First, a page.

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September 1952


AMA Am J Dis Child. 1952;84(3):309-315. doi:10.1001/archpedi.1952.02050030035002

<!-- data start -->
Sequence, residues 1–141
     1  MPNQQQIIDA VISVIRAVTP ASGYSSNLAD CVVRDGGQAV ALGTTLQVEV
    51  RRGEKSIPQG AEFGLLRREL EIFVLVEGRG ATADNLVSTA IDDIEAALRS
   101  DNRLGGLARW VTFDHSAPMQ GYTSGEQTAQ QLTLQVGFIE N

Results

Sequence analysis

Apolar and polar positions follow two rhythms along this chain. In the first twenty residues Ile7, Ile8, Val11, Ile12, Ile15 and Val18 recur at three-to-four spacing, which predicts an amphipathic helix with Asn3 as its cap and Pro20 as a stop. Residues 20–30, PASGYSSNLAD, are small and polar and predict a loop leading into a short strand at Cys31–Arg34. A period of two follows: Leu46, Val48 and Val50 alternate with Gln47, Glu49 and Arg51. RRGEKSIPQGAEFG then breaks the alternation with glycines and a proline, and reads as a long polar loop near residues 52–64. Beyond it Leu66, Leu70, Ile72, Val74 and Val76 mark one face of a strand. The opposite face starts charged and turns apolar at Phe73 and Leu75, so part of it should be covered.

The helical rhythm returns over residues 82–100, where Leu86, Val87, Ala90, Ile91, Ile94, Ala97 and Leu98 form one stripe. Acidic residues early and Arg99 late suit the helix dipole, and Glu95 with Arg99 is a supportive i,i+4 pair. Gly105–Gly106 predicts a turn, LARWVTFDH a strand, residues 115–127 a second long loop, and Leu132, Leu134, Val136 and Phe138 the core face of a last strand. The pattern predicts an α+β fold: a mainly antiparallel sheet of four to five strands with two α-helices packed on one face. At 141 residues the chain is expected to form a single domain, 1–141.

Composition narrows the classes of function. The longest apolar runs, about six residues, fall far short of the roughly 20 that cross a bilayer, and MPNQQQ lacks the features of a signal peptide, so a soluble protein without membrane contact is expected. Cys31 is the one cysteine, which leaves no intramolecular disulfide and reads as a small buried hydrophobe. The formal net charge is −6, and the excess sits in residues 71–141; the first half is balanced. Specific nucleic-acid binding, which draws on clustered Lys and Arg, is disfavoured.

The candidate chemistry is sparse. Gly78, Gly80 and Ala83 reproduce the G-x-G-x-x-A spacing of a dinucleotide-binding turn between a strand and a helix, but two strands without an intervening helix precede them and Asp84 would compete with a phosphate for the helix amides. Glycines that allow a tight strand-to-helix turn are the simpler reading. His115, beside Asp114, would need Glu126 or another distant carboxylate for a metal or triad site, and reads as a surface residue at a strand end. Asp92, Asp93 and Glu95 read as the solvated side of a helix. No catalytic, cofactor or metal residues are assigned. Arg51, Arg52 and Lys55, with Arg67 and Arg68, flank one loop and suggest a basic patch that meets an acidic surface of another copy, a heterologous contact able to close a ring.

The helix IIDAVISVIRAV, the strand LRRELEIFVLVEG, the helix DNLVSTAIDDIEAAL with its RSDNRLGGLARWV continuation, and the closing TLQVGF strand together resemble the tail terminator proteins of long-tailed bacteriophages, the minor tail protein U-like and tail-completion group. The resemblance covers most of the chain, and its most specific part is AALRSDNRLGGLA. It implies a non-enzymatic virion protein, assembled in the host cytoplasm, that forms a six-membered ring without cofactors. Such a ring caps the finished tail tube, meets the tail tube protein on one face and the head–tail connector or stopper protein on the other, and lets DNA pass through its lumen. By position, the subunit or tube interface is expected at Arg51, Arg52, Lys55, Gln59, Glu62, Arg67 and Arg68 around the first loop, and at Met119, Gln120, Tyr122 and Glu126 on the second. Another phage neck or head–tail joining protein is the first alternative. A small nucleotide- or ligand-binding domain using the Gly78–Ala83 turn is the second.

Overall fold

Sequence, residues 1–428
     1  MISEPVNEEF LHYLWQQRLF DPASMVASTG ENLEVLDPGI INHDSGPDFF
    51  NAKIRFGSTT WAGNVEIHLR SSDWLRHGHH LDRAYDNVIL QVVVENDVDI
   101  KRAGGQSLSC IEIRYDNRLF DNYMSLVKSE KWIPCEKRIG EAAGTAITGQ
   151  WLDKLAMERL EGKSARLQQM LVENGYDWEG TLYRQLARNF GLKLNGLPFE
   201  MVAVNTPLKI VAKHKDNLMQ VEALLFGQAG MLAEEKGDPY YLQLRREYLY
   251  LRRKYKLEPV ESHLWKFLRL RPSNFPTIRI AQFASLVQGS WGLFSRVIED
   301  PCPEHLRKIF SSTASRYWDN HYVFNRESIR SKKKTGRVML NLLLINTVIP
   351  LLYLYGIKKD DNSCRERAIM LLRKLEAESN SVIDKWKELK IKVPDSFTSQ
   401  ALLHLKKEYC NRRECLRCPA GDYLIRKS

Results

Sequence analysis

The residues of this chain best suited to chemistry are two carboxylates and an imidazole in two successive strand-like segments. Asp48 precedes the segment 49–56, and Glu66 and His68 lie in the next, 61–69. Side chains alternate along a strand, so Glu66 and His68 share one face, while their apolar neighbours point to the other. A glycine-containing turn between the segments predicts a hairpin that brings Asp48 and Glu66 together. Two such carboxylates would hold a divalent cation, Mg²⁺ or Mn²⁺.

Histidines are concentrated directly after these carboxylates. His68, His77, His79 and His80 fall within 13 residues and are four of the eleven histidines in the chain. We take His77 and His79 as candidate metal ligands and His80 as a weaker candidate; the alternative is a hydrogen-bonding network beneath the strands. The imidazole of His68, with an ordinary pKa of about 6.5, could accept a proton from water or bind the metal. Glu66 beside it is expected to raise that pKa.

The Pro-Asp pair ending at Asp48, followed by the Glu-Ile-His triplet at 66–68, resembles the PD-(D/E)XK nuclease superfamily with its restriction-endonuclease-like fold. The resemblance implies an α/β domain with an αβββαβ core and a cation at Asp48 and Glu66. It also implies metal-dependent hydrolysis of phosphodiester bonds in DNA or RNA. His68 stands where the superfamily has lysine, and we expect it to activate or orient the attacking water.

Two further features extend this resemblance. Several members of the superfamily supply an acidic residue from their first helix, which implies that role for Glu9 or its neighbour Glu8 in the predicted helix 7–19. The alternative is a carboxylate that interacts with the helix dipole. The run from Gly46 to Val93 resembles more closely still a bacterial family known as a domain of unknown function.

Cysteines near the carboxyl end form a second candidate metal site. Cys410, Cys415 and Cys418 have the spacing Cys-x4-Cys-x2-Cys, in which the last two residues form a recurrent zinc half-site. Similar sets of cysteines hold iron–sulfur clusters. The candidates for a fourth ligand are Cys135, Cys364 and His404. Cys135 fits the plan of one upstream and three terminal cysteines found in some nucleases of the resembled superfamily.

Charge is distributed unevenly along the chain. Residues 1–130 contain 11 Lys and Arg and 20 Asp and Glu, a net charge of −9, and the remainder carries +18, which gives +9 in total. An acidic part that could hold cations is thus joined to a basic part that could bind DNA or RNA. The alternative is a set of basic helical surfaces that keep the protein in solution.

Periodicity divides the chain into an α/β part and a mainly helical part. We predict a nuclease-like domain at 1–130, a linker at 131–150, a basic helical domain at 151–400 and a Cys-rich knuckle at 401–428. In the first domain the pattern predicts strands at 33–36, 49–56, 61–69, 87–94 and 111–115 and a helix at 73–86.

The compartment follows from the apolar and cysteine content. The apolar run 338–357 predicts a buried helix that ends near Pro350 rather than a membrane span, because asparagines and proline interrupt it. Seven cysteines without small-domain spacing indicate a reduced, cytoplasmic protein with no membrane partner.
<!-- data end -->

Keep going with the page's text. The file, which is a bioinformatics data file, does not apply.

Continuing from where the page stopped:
THERAPEUTIC control of diarrhea have for many years included the use of a vast array of vegetable derivatives containing pectin and lignin. These complex carbohydrate substances have been clearly shown to exert a distinct effect upon the character of the diarrheal stool. This effect upon the appearance and consistency of the stool has been construed to indicate an effect upon the course of the diarrheal disease state. Inasmuch as the chief effects of the latter are fluid and electrolyte loss and a resultant alteration in intra- and extra-cellular fluid balance, an evaluation of the effect of such therapy in diarrhea should be based upon a determination of the degree to which fluid and electrolyte loss is inhibited rather than upon an alteration in the character of the stool. Such an evaluation of a controlled series of 47 cases of etiologically related infantile diarrhea designed to determine the effect of pectin